I don't think you need to wait until you are at goal weight, but it's important to build up your time and speed gradually, so that you build up muscle, ligament and bone strength. You'll likely find that your cardio-respiratory capacity will increase faster than your strength, and that creates a situation where you risk hurting yourself (because you'll want to, and your heart and lungs will let you, run longer and faster than your bones, ligaments and joints are ready for). So go for it, but stick the 10% rule (don't increase time, mileage or speed by more than 10% in total per week). If you have the energy and capacity to do more, choose a lower impact exercise (like biking, swimming or the elliptical). Have fun!
Fitness Minutes: (67,374)
500 8/20/12 12:41 A
I wasn't overweight when I started running. However, my cardio was not there. I started with a run/walk approach, starting running 30 sec/walking 2 min for x number of reps the first week then running 45 sec/walking 2 min, then running 45 sec/walking 1.5 min -- I don't remember the exact times or how many repetitions, but slowly bumping up the running and lessening the walking. There are places that offer learn to run programs the follow this general pattern, or programs online that you can follow.
As long as you don't have any medical issues preventing it, just start slow and listen to your body. And get a good pair of running shoes, if you don't have them already.
Fitness Minutes: (49,695)
1,309 8/19/12 9:19 P
No reason to wait until you're at goal weight -- but you do need to build your fitness level up a bit. If you haven't yet, look up a good couch to 5K program on the internet -- if you're already able to jog about a minute at a time, you should be up to doing "Week 1" of one of those programs.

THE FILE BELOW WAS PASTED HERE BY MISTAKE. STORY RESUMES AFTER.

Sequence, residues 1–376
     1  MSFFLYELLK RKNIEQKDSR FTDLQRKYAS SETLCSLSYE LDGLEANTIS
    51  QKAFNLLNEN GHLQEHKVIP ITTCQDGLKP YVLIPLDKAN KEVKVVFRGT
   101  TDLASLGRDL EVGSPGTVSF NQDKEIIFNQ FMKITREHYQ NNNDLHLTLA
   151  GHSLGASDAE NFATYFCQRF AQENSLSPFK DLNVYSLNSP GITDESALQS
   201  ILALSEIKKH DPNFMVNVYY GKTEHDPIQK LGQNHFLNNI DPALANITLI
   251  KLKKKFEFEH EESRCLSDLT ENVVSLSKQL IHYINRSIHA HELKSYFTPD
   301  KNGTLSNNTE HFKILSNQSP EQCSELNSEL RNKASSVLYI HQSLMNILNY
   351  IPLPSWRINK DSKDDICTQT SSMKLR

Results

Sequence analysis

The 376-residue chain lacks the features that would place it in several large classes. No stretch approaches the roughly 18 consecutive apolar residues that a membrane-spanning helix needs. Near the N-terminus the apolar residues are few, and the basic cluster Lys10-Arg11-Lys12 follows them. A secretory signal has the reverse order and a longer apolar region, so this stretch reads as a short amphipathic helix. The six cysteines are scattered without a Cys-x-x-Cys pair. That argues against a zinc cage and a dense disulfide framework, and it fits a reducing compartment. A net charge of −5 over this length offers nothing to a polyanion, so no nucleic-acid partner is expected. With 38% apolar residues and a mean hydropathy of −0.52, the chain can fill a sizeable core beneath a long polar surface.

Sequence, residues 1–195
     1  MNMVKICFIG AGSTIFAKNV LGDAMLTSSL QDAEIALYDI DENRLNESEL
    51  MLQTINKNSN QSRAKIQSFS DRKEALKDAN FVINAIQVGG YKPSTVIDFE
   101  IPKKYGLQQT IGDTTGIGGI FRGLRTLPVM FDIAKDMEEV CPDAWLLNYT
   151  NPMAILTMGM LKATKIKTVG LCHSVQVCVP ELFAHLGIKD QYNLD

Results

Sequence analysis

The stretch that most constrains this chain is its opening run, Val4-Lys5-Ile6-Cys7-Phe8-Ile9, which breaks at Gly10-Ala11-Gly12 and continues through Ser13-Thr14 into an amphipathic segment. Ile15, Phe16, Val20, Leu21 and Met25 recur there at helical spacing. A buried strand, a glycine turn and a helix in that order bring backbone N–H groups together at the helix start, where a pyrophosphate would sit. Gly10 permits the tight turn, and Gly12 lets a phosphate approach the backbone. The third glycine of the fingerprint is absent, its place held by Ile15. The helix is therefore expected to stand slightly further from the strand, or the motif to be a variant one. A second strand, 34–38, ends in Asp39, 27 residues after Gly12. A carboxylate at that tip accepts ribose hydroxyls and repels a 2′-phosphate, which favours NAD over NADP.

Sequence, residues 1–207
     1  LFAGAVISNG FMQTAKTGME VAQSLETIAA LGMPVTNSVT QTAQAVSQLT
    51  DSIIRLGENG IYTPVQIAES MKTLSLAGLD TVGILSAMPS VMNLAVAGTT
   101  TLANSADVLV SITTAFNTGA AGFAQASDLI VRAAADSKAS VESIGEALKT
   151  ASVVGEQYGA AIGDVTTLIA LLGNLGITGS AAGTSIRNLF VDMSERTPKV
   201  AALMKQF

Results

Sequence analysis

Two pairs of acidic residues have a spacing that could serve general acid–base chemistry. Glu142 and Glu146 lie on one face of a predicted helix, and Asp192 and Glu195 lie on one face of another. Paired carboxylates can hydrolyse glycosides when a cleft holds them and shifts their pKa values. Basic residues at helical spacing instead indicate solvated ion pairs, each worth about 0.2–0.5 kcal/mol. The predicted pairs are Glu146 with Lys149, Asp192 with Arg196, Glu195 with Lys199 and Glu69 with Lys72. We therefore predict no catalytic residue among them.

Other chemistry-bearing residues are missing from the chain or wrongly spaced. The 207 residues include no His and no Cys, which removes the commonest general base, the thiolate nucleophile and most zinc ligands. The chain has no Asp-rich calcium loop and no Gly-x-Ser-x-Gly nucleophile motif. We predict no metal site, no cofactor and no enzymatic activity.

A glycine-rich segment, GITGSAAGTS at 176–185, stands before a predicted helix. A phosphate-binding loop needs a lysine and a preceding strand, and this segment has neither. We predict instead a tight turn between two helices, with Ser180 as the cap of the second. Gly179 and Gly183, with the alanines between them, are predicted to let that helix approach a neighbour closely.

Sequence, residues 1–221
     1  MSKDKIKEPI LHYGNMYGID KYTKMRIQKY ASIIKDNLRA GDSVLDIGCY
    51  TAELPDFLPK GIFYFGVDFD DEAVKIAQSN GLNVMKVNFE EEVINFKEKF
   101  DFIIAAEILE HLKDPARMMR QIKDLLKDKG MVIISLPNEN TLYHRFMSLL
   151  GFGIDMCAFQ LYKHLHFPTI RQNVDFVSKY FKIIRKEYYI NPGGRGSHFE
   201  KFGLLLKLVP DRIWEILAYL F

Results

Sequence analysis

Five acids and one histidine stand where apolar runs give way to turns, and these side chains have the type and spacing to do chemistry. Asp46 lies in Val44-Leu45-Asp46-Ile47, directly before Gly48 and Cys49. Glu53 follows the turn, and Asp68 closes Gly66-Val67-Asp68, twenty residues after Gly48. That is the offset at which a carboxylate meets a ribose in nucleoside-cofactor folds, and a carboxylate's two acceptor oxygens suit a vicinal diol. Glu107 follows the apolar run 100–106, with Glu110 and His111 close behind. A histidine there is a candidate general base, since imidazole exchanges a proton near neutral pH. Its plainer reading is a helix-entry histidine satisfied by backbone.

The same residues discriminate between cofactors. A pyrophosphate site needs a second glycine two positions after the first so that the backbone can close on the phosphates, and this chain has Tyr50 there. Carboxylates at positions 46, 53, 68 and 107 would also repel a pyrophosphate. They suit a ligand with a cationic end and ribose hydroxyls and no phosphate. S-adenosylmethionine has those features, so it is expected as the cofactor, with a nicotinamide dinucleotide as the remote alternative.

I was a bit heavier than you when I started, and had been walking pretty intensely for a while. I took my time with the couch to 5K program I did -- if I didn't feel comfortable moving on to the next week yet, I just repeated the week I had just done until I felt comfortable.
You can do it -- just don't push so hard that you wear yourself out, or injure yourself and have a setback. Be patient but persistant, and you'll be running before you know it. Good luck!
I Do walk moderately (3mph for 30 mins), I can jog for about a minute at a time, and I do swim and ride my bike, although I'm not in very good shape. As in I don't have good lung strength/ capacity.
Fitness Minutes: (14,252)
9,672 8/19/12 8:58 P
Have you been walking? Before you start running, you really need to build a good walking base. Running is not a good beginner exercise, because it is very hard on your joints,regardless of your weight. You don't have to be slender to be a runner, but you do have to build your cardiovascular ans musculoskeletal systems first!
I've always said that I would run when I was at my goal weight. I always found it hard to run and I blamed it on the extra pounds I was carrying. Yes, I'm sure that makes it more difficult. But another thing is that I'm plain out of shape. So I signed up for a 5K and I'm starting training tomorrow. No excuses. What have been your experiences running/jogging while overweight? I''m 181 pounds btw, about 40 pounds overweight.
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